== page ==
Lawyers for former Probation Department officials charged with racketeering grew testy Monday in federal court in Boston as they argued that the judge overseeing the upcoming trial has too many personal relationships with witnesses in the case and should step aside.
“Your Honor is so entwined in this, you’ve lost your ability to conduct the proceedings in a fair manner,” lawyer John Amabile told US District Court Judge F. Dennis Saylor IV.
At another point, Saylor himself huffed at another defense lawyer, explaining later, “I am upset with you for interrupting me and being disrespectful to the court.”
After a nearly two-hour hearing Monday, Saylor said he will consider the request that he step aside. He ordered defense lawyers and prosecutors to submit a preliminary witness list by the end of the business day Tuesday to determine whether he has any ties to other witnesses, specifically any judges, lawyers or public officials.
The judge had already disclosed that he was a former law partner of one of the original investigators in the case and was friends with the investigators’ assistant, but said the relationships were not enough to force him to step aside.
“I have relationships with all kinds of people all over the state,” the judge said.
Tensions and emotions in the high-profile, long-awaited case continue to climb as the March 24 trial date approaches. John O’Brien, the former probation commissioner, and two deputies are accused of racketeering in allegedly running a rigged hiring system that favored candidates who were sponsored by state legislators over more qualified candidates.
In exchange, the prosecutors allege, legislators provided O’Brien with yearly budget increases, helping him to build his political power as head of an agency where jobs were for sale.
The defense lawyers say that nothing their clients did was illegal, that it was nothing more than political patronage. They say, for instance, that they plan to call US District Court Judge Timothy S. Hillman as a witness to show that he recommended candidates when he was a state judge and that there was nothing wrong with doing so.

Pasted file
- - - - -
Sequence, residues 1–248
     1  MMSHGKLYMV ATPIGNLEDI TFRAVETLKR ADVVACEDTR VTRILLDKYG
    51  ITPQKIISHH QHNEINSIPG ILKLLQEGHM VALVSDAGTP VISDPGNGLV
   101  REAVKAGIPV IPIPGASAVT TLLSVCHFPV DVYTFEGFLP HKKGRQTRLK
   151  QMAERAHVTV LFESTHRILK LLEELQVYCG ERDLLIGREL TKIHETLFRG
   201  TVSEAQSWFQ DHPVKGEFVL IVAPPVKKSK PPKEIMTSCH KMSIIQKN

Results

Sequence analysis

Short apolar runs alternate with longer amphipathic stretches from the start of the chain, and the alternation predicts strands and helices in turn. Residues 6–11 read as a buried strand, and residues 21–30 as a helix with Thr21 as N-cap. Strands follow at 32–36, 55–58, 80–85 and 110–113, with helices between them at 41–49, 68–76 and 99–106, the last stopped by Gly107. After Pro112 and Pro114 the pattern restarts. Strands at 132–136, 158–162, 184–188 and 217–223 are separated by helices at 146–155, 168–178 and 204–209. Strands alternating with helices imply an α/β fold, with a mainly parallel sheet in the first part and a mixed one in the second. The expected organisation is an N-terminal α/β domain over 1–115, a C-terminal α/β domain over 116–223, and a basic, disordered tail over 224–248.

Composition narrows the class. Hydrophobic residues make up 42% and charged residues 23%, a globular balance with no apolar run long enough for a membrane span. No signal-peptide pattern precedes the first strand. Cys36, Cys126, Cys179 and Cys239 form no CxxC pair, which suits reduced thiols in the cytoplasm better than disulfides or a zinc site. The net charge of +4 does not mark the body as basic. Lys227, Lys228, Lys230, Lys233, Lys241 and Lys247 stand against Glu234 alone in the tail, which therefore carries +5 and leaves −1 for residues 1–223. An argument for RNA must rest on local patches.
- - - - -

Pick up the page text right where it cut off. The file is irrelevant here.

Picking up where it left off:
Defense lawyers contend that Saylor should step aside because he is close friends with Hillman.
But Assistant US Attorney Robert Fisher argued Monday that the case is about more than sponsoring a candidate or writing a letter of recommendation for someone.
He said O’Brien and his deputies created a fraudulent scheme to avoid scrutiny, and someone who was simply listed as a reference may not have even known about the scheme. He argued that O’Brien gave weight to specific candidates who were recommended by specific state legislators.
“The [other] references here really don’t mean anything,” Fisher said.
The defense lawyers questioned whether prosecutors were defining all patronage as a crime, however, noting that several people, including state legislators, who sponsored job candidates received immunity from prosecution for cooperating with prosecutors.
Attorney Stellio Sinnis questioned the need for immunity if job sponsors never committed a crime.
The Globe has reported that former House speaker Thomas M. Finneran was granted immunity.
Sinnis argued that Hillman will be a critical witness to show that there was a culture of patronage in the state and that lawyers, judges, and other public officials often recommended candidates and that it was not a crime.
“If the culture says this is the way things were done, how is that criminal intent?” lawyer William Fick said.
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